IMC 2009: Sessions

Session 802: Shaping Reception of Medieval Sites: What Are We Doing?, II

Tuesday 14 July 2009, 16.30-18.00

Sponsor:International Center of Medieval Art
Organiser:Janet T. Marquardt, Department of Art, Eastern Illinois University, Charleston
Moderator/Chair:Janet T. Marquardt, Department of Art, Eastern Illinois University, Charleston
Paper 802-aThe 'Other' Primitive: Revisiting Romanesque in the Age of Colonialism
(Language: English)
Risham Majeed, Columbia University
Index terms: Art History - General, Historiography - Medieval, Medievalism and Antiquarianism
Paper 802-bUn Palais dans la Ville: Avignon, le Palais des Papes
(Language: Français)
Sophie Biass-Fabiani, Université d'Avignon / Musée du Petit Palais, Avignon
Guy Lobrichon, Laboratoire d'histoire, Université d'Avignon / Musée du Palais des Papes, Avignon
Jean-Louis Fabiani, École des Hautes Études en Sciences Sociales (EHESS), Marseille
Simone Balossino, Laboratoire d'histoire, Université d'Avignon / Musée du Palais des Papes, Avignon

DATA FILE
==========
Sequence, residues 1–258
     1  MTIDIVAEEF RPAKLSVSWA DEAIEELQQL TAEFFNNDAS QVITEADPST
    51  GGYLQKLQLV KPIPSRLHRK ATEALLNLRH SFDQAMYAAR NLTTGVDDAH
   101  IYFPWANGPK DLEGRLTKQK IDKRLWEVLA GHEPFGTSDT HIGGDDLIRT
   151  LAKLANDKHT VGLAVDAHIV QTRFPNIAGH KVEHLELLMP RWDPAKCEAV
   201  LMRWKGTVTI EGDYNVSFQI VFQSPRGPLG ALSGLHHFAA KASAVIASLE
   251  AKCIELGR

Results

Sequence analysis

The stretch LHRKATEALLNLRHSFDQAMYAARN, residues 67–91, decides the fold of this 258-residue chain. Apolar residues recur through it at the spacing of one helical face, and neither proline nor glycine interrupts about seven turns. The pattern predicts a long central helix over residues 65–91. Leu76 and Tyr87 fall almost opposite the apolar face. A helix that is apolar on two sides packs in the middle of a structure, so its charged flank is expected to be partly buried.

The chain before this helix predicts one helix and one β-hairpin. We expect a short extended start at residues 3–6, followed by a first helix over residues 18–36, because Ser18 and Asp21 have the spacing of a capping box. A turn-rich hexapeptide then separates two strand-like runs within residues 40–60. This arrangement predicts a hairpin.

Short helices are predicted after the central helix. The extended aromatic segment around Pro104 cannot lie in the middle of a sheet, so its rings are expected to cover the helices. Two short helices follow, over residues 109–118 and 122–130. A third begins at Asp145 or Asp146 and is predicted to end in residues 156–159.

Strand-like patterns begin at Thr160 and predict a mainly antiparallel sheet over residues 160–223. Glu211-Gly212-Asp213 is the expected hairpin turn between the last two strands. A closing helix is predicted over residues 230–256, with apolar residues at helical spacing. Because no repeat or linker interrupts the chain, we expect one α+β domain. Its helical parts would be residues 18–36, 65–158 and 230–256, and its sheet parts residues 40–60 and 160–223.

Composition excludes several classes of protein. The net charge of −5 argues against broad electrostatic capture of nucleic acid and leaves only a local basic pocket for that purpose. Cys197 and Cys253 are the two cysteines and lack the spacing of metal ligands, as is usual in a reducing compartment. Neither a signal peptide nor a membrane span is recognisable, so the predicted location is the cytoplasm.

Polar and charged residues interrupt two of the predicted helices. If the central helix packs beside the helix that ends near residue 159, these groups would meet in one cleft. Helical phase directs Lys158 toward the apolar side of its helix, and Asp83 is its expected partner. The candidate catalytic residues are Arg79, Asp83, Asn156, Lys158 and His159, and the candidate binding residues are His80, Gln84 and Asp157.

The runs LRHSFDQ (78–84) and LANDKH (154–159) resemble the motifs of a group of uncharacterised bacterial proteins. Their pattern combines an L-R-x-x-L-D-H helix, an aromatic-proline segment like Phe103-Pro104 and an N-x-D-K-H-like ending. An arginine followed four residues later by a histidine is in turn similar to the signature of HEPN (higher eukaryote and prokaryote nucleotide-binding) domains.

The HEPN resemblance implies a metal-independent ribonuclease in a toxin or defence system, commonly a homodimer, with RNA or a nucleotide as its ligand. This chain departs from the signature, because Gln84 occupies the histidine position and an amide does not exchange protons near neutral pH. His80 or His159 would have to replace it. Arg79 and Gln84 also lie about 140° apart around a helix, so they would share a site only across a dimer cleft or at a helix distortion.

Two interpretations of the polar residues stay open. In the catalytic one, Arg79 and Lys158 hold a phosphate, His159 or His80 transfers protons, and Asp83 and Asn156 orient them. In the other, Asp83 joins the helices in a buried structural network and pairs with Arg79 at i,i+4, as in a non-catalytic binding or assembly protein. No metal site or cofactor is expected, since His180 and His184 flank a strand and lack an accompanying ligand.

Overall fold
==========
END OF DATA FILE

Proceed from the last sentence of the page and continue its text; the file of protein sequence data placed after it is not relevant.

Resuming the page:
Paul Payan, Laboratoire d'histoire, Université d'Avignon / Musée du Palais des Papes, Avignon
Index terms: Architecture - Religious, Historiography - Medieval, Medievalism and Antiquarianism
Abstract

With the eleven-hundredth anniversary of the Abbey of Cluny’s foundation in 910 approaching, it seems timely to evaluate our current understanding of medieval monuments as cultural patrimony. We have seen two centuries of rising awareness to the historical importance, cultural meaning, and tourism potential of medieval structures in Western Europe. They have changed from outdated and neglected ruins past fashionable appreciation to picturesque relics claiming large investments toward their restoration. Yet some countries have too many historical monuments to maintain and the oldest represent the largest resource drain. How relevant are medieval sites today and why should modern administrations continue to market them as ‘authentic’ representatives of culture? Who determines popular views of the past in our society and are they merely following formulae initiated in the nineteenth century? Why are we still commemorating anniversaries of medieval institutions long gone?